July 9, 2012

Letters to the editor: Inspection system too costly

It's time to review the vehicle inspection law with the hope of repealing it altogether. Several years ago, Florida repealed its inspection law with no adverse effects.

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Getting an inspection sticker too often leads to expensive work on things that don’t involve vehicle safety, a reader says.

Staff file photo

I recently had an experience that I found hard to believe. There is no visible rust on the car, but apparently an inspector saw the beginning of a little rust when the car was placed on the lift. I was told the body work had to be done to pass inspection -- probably costing thousands of dollars.

The car is in excellent condition with no problems -- good tires, brakes, no visible rust, all lights work, no cracked glass, horn works, etc.

I think the problem is profit. The fee for the standard inspection is low, making for a no-profit situation unless other work can be found, even though it may have nothing to do with car safety. So the ridiculous merry-go-round starts.

This, added to the very high price of gasoline, takes its toll on the family budget.

Repealing the inspection law would put considerable money in the general economy and I believe would be most welcome by hard-pressed car owners.

Only the state legislators can pass the repeal that I sincerely hope will get favorable attention.

Victor G. McNett

Topsham

GOP draws fire for failing to help working Americans

It's easy to tell that the Republicans on Capitol Hill have no ideas to seriously address the economic problems facing the average American. They've changed the subject.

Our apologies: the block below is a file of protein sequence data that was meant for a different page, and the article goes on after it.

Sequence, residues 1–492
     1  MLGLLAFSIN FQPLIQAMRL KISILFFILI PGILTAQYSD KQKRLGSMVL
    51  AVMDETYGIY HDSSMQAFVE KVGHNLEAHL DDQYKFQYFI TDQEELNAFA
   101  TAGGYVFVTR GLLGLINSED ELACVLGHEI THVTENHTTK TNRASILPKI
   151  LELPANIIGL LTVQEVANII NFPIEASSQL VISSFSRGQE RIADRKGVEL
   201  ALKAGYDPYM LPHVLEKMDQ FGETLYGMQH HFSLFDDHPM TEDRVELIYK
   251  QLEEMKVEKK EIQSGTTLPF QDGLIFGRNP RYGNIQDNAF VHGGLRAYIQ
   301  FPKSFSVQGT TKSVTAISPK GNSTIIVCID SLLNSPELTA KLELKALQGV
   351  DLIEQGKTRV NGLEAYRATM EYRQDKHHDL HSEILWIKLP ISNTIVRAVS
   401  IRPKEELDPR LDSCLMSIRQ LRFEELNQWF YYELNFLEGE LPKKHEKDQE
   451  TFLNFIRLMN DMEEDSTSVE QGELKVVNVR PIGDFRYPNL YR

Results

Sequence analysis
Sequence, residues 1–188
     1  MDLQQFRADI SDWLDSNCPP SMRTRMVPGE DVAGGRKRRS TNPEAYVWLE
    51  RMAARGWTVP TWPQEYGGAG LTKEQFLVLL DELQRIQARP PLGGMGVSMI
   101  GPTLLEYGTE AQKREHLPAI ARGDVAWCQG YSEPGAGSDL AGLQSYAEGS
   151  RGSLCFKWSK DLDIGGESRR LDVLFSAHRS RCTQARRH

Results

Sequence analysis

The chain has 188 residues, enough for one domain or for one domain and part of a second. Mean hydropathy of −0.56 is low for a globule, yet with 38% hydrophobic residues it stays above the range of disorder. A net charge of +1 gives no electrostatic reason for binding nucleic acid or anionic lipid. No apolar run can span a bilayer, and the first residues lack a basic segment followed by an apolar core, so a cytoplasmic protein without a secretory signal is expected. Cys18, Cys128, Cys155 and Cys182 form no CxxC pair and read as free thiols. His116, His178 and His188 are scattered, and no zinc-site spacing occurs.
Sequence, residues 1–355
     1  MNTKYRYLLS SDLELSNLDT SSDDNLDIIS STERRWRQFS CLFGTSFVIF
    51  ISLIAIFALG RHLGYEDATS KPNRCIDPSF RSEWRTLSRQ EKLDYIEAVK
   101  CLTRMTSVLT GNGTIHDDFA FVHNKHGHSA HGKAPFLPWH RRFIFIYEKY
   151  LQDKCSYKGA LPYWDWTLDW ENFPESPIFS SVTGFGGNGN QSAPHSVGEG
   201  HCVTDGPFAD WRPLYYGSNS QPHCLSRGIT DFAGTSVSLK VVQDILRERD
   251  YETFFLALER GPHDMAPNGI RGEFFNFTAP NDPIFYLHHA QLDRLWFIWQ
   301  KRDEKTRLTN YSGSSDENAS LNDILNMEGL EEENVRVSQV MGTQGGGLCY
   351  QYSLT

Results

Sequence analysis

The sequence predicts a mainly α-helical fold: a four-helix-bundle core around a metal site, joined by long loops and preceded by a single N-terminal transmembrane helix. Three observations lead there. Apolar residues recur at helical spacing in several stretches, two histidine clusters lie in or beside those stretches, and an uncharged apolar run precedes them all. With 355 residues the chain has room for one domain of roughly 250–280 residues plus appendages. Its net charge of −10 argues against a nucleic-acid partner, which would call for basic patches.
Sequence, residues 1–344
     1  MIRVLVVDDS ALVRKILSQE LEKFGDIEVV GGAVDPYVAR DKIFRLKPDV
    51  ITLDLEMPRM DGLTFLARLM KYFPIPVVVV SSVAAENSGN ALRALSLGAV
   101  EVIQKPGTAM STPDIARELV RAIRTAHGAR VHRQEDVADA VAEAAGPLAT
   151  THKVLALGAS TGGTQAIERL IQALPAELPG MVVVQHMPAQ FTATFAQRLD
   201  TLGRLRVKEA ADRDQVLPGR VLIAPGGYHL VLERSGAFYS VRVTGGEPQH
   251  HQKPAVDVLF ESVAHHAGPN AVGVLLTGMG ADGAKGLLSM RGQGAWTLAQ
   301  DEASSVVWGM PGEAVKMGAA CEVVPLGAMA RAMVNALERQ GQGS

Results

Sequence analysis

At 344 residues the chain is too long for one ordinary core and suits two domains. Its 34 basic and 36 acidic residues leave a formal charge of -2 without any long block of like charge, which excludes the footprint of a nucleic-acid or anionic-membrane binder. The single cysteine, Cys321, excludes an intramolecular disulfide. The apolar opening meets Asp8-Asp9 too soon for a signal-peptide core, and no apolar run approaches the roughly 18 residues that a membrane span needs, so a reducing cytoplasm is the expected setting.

Rep. Darrell Issa, from his perch atop the Government Oversight Committee, fresh off his fruitless Solyndra hearings, has now moved on to another conspiracy: the Fast and Furious operation. This is the same committee that put together the now-infamous "panel on women's health" that didn't feature a single woman or anyone else who dared express an opinion different from Issa, the chairman of the committee.

Not to be outdone in the grandstanding competition, Rep. Peter King has spent most of the last year and a half engaged in xenophobic fear-mongering from his chairman's post at the Homeland Security Committee.

These exercises in political Kabuki theater may provide great fodder for the talk-radio crowd and the talking heads on cable, but can anyone explain to me what they do to help the average American?

In its defense, the GOP-controlled House has gotten around to passing some important pieces of legislation, including, among others, a resolution reaffirming "In God We Trust" as the national motto (sigh of relief there!) and something called the Mark Twain Commemorative Coin Act.

Is this the focus on jobs and the economy that voters were promised in 2010?

To his credit, presumptive party nominee Mitt Romney is not content simply to have no ideas, he's diligently trying to recycle failed ideas. He has hired as his top economic advisers two of George Bush Jr.'s chief economic advisers, Glenn Hubbard and Gregory Mankiw.

Yes, the guys who advised the president who oversaw the worst economic collapse since the Depression are now advising the guy who wants to be our next president. With a strategy like that, maybe a do-nothing Republican Congress is a blessing in disguise.

Jeremy Smith

Old Orchard Beach

I couldn't agree more with Thomas Czyz's letter "Gov. LePage gives priority to corporate interests" (June 25).

This is also what is going on in Washington on a national level. With the never-ending "election cycle," politicians in both the House and Senate cater to the corporations and wealthy entities that keep them in office. Both parties are guilty of this, but it is the "right side of the aisle" that is always accusing the left of starting "class warfare."

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